It was due to my youth and innocence that I did not realize what was really going on. The possibility of earning more than my weekly allowance spurred me to join my friends in selling products door to door. It was the summer before my 13th birthday and my training lasted as long as our van ride, that was taking us to a suburb far from the city. The crew leader who was a friend divided us into pairs; I was put with my best friend who had already been working for a couple of months. The owner of the company had explained to us that the products we were selling were made at a school for blind people. Generally the products consisted of household items such as dishrags, toilet brushes and oven mitts. Each item had a printed sticker attached that read, “Products of the Blind.” I had no idea the owner was buying the items from a discount store and placing the stickers on himself. It was my first job; I did not know better. Looking back now I can see telltale signs that something was not right about the owner. He always appeared disheveled with messy hair as if he had slept in his clothes and had not taken a bath. Sure I had seen some of the items at the store, but I assumed the manufacturers gave them to the school for a special price to let the residents attach the labels. Looking back I can say the owner was an unscrupulous piece of work. DESPERATE for any type of work, Los Angeles native Lou Bloom, played by Jake Gyllenhaal (Source Code, Brokeback Mountain), found something enticing when he came upon a traffic accident. Freelance photographers were swarming around the accident victim like sharks as they kept snapping shots that a news agency would be willing to buy. A fast learner without a moral compass, Lou soon discovered a way to increase a photo’s selling price for a willing buyer. Jake was so creepy in this role; the weight loss he endured made his eyes bug out, adding a crazed look to his performance. He will probably earn an Oscar nomination for this role. From writer Dan Gilroy (The Bourne Legacy, The Fall), this was Dan’s first attempt at directing and he created a tense crime thriller. With Rene Russo (Outbreak, The Thomas Crown Affair) as Nina Romina and Riz Ahmed (The Reluctant Fundamentalist, Four Lions) playing Rick as part of the cast, they were equally outstanding with their acting. Also, the parallels to our current frenzy to witness immediate reality events did not go unnoticed by me. Despite a few implausible scenes, I found this dramatic movie to be a riveting intense experience that creeped me out. There were multiple scenes that had blood in them.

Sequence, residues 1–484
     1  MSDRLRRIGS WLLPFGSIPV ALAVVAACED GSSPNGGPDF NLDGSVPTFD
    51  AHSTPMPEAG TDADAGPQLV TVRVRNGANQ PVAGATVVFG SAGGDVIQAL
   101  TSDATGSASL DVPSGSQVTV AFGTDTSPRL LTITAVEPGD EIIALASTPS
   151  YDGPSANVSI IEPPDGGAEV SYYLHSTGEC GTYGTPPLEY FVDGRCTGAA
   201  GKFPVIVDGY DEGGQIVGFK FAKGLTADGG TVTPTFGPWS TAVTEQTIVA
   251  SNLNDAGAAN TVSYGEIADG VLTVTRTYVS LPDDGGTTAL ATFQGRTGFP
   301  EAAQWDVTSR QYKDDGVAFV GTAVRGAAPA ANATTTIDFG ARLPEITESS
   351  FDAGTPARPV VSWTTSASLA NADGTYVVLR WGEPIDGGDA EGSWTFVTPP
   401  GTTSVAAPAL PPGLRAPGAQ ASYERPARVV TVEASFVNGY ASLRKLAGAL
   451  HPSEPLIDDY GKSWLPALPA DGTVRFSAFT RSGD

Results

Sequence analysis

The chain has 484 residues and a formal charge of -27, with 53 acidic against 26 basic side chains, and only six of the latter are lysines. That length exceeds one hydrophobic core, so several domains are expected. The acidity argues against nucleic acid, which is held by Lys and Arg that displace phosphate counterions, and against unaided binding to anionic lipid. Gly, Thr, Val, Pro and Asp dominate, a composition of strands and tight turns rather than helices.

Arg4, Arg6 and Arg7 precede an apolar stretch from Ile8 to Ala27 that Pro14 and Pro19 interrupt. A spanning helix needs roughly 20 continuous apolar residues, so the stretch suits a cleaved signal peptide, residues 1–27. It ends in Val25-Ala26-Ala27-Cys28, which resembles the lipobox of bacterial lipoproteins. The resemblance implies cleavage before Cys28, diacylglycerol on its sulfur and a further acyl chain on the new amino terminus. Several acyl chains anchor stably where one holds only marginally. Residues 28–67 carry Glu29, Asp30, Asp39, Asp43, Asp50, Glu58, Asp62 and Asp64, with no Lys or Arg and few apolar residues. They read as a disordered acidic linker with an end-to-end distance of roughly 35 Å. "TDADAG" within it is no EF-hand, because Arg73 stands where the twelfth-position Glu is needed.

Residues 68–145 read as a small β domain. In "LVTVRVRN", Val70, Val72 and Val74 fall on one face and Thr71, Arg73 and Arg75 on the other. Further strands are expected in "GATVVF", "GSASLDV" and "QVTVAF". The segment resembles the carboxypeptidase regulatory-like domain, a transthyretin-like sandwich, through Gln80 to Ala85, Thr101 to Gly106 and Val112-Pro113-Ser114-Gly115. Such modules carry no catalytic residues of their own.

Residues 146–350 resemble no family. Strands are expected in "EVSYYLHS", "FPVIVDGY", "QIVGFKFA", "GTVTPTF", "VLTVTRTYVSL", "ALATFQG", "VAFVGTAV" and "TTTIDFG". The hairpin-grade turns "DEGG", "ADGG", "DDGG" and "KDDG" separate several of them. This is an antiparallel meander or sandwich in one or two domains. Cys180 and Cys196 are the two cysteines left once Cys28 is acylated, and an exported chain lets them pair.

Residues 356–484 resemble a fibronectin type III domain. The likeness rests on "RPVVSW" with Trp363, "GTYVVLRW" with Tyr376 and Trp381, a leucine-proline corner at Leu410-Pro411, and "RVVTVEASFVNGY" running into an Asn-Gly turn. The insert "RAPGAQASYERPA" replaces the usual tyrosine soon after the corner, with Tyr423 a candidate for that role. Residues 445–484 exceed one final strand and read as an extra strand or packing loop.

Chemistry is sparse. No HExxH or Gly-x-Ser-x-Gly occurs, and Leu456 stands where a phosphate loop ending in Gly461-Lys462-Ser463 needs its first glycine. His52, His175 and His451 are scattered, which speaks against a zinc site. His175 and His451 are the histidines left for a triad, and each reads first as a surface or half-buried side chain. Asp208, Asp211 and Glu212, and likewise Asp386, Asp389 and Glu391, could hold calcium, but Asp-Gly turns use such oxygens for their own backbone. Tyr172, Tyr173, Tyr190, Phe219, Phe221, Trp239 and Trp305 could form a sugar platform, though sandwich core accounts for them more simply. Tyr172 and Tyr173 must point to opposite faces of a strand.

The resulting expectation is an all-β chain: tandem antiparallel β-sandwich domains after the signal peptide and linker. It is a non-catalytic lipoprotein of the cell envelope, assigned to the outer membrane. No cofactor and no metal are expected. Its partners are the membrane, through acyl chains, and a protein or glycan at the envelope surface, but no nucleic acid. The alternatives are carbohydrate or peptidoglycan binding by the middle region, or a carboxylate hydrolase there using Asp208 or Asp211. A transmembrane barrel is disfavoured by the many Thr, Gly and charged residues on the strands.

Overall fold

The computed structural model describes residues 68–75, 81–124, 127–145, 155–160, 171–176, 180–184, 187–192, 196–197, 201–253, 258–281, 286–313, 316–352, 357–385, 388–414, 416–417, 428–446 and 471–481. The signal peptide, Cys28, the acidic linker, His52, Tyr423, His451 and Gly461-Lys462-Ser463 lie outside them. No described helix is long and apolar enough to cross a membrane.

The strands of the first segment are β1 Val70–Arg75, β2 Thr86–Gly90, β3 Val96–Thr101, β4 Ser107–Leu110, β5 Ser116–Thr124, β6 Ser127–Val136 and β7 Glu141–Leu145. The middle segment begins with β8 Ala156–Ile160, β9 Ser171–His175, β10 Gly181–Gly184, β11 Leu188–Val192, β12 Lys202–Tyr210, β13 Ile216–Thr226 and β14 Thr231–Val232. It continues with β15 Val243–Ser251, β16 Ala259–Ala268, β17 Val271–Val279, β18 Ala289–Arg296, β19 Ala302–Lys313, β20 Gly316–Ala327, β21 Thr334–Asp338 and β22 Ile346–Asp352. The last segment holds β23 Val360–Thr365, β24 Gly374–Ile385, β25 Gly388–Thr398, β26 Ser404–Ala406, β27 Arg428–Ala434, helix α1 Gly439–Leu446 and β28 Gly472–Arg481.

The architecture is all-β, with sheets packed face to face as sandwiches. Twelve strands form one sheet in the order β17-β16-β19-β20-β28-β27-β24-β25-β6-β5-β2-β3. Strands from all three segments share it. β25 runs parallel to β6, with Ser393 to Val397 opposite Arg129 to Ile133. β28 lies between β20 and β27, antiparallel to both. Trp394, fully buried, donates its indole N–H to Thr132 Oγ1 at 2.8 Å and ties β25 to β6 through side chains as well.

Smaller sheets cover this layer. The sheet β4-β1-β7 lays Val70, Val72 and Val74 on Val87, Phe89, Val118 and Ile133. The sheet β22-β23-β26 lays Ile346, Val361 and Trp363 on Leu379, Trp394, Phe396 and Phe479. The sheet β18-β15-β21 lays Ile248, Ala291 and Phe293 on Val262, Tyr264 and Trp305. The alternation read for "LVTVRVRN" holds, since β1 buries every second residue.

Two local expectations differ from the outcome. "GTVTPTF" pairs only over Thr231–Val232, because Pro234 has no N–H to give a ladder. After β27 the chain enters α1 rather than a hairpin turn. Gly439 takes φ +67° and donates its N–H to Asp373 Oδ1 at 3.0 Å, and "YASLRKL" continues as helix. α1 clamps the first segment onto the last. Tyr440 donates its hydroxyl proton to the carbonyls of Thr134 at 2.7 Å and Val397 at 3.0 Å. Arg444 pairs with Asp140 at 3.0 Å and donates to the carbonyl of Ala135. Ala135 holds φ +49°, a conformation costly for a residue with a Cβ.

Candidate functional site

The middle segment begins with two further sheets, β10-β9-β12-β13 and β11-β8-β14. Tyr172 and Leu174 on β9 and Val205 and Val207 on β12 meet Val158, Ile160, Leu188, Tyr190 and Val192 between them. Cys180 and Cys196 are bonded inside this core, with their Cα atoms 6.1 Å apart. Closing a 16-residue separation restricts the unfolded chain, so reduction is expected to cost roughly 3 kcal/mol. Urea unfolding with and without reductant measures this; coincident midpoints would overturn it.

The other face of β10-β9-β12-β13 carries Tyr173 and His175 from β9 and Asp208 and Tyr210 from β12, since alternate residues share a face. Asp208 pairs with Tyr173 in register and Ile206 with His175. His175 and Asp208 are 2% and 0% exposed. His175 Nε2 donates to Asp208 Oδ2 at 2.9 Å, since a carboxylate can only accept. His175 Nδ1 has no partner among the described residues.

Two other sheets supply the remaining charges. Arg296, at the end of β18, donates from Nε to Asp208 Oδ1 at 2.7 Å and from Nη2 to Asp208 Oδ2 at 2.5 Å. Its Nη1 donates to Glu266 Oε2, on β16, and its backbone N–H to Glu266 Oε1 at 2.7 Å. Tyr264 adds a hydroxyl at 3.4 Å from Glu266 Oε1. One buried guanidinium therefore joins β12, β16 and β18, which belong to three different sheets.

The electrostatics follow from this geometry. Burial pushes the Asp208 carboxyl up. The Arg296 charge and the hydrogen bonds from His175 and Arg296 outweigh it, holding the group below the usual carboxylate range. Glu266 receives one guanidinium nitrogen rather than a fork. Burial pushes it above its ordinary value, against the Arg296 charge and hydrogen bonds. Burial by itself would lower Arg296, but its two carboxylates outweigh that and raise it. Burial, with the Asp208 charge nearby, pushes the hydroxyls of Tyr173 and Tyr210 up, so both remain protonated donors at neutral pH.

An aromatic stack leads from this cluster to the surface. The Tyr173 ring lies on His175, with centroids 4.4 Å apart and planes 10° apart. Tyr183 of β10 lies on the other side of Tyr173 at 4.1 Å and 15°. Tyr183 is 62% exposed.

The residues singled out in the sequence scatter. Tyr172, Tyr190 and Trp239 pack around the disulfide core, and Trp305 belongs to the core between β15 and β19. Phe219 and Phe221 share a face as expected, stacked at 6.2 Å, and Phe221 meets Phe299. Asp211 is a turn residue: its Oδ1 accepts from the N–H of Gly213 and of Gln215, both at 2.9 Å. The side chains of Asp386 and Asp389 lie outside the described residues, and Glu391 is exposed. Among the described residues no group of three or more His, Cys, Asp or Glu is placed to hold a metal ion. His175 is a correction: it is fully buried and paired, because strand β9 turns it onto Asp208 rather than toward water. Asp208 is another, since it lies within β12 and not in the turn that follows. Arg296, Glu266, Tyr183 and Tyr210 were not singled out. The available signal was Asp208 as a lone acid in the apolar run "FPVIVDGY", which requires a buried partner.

3 1/3 stars